When you strip away the vague invocations of “the Chinese” and a general distaste for Gen Z politics, the criticisms of TikTok that remain are the ones that apply to Facebook, to YouTube, to Twitter, even to Amazon and Google Search and others. The way out is not by changing the name of the service or the country of its operator, but by empowering users to avoid that kind of platform subjugation in the first place.
This is a tool for anonymizing photographs taken at protests.
It will remove identifying metadata (Exif data) from photographs, and also allow you to selectively blur parts of the image to cover faces and other identifiable information.
Kashmir Hill: The Secretive Company That Might End Privacy as We Know It (NYT)
A little-known start-up helps law enforcement match photos of unknown people to their online images — and “might lead to a dystopian future or something,” a backer says.
“It’s creepy what they’re doing, but there will be many more of these companies. There is no monopoly on math,” said Al Gidari, a privacy professor at Stanford Law School. “Absent a very strong federal privacy law, we’re all screwed.”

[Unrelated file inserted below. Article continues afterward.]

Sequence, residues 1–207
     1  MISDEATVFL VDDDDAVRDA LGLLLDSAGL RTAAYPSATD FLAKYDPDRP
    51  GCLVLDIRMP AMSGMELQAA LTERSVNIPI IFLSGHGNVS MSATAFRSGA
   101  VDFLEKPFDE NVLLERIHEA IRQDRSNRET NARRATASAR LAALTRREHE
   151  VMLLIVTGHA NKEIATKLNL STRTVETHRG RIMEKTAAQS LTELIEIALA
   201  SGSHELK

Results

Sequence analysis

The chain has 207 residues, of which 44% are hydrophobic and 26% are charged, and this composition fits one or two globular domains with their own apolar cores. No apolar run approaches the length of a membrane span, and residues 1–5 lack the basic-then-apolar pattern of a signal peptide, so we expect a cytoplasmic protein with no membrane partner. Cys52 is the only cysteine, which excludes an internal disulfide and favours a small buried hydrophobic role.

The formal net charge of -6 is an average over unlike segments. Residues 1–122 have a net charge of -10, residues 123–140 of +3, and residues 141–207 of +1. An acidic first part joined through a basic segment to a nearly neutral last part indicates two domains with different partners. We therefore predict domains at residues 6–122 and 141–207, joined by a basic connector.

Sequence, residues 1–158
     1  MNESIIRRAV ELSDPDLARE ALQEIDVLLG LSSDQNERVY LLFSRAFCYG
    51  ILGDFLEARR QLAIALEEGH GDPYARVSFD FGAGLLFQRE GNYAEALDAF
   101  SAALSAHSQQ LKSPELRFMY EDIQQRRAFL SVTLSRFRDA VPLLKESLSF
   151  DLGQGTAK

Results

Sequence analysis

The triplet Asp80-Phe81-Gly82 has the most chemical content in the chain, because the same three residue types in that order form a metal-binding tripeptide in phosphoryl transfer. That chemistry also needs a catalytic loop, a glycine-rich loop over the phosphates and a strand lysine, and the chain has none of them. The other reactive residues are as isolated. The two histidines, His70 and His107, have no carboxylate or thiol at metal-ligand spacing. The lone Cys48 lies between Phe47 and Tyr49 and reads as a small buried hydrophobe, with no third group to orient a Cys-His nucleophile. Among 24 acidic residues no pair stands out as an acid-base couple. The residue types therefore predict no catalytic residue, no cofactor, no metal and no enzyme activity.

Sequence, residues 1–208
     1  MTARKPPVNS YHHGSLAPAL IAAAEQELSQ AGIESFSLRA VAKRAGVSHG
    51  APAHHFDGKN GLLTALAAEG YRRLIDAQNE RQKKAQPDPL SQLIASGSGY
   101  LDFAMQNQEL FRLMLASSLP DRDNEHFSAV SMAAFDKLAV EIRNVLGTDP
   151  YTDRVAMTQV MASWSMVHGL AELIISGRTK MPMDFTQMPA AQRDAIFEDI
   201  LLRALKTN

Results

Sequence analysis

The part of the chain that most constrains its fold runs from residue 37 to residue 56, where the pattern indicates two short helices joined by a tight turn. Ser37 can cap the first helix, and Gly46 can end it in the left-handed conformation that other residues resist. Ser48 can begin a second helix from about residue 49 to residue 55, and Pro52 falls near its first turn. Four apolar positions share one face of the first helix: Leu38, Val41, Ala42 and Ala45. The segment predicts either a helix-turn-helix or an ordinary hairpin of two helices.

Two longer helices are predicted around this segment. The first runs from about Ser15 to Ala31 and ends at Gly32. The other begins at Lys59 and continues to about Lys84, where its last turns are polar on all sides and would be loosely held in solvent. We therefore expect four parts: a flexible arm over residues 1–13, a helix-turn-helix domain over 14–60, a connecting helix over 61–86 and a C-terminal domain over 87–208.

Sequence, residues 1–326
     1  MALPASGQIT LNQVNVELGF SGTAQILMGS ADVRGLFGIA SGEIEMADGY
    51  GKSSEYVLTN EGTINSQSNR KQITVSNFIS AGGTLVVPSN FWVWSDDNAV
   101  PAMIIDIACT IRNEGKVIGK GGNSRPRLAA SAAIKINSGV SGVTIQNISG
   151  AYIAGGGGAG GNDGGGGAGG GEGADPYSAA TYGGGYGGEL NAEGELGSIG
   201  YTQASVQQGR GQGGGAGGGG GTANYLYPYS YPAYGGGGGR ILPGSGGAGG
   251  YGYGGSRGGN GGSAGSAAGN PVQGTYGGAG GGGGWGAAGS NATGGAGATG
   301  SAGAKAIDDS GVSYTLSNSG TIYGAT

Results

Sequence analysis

Mr. Ton-That said his company used only publicly available images. If you change a privacy setting in Facebook so that search engines can’t link to your profile, your Facebook photos won’t be included in the database, he said.
But if your profile has already been scraped, it is too late. The company keeps all the images it has scraped even if they are later deleted or taken down, though Mr. Ton-That said the company was working on a tool that would let people request that images be removed if they had been taken down from the website of origin.
Woodrow Hartzog, a professor of law and computer science at Northeastern University in Boston, sees Clearview as the latest proof that facial recognition should be banned in the United States.
“We’ve relied on industry efforts to self-police and not embrace such a risky technology, but now those dams are breaking because there is so much money on the table,” Mr. Hartzog said. “I don’t see a future where we harness the benefits of face recognition technology without the crippling abuse of the surveillance that comes with it. The only way to stop it is to ban it.”
gathio is a quick and easy way to make and share events which respects your privacy.